Toshiba, the giant Japanese conglomerate that had a huge presence in the laptop market officially quit the business yesterday.
In a rather brief press release, the company says they have transferred their shares in Dynabook to Sharp. Toshiba says they have transferred the 19.9% of the outstanding shares in Dynabook which makes the latter a wholly owned subsidiary of Sharp.
“On June 30, 2020, under the terms of the share purchase agreement, Sharp exercised a call option for the remaining outstanding shares of Dynabook held by Toshiba, and Toshiba has completed procedures for their transfer,” Toshiba says.
In June 2018, Toshiba transferred 80.1% of outstanding shares of Toshiba Client Solutions Co Ltd (TCS) which was their wholly owned subsidiary in the PC business. TCS changed its name to Dynabook in January 2019.
This announcement is an end to Toshiba’s 35 years in the laptop business. They made their first laptop in 1985 which was called the T1100. It had a 3.5 inch floppy drive, 256k of memory and rechargeable batteries.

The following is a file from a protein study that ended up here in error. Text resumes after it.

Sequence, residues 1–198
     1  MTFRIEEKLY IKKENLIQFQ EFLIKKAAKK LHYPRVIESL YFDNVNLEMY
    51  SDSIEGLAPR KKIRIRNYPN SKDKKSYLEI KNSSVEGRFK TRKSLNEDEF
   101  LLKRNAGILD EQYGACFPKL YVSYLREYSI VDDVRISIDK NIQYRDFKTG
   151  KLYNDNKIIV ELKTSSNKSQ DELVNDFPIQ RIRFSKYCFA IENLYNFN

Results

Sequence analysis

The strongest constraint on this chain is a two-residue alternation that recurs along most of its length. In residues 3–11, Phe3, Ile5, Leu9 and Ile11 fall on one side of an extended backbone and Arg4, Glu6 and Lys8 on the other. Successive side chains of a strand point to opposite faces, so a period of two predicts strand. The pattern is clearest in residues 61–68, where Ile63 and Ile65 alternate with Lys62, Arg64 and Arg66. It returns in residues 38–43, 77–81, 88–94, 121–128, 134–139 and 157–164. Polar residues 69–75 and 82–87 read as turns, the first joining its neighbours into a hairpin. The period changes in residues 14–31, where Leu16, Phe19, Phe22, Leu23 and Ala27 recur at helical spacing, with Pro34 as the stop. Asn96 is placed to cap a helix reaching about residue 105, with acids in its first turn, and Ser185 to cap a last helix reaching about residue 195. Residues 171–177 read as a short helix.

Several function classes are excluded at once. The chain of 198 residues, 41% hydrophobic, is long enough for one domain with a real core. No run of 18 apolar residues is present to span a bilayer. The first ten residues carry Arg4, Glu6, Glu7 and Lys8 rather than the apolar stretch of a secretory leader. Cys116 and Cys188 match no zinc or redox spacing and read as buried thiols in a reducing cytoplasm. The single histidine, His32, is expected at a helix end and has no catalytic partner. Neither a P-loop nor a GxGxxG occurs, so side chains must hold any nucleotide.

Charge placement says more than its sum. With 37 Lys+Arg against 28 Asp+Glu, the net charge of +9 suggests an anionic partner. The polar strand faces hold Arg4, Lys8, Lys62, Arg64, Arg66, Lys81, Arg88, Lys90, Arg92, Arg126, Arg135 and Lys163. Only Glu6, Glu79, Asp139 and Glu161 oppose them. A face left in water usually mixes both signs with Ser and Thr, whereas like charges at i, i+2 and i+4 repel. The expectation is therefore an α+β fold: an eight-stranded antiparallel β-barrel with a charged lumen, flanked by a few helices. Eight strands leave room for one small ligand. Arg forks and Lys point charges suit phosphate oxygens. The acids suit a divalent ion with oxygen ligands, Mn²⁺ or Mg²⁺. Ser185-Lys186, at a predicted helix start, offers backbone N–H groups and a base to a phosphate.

The company was really successful in the 90s and early 200s where they were among the top PC manufacturers. Their Satellite range was a workhorse and the Protégé range were small workhorses and they made Toshiba lead the market share during this time.
Toshibas were so popular in Kenya too. There was a time you could easily get a Toshiba laptop in Kenya and people would prefer them over HPs and Dells. I used to own a Tecra and I loved its features like a fingerprint scanner, trackpad plus its numerous accessories like ethernet cables, phone lines and a laptop case, which is unheard of in today’s world.
However as the PC market contracted, Dell and HP dominated PC sales in the 2010s. The company ended up selling 80.1% of their laptop business to Sharp for only $36 million, a pittance of what it used to be before.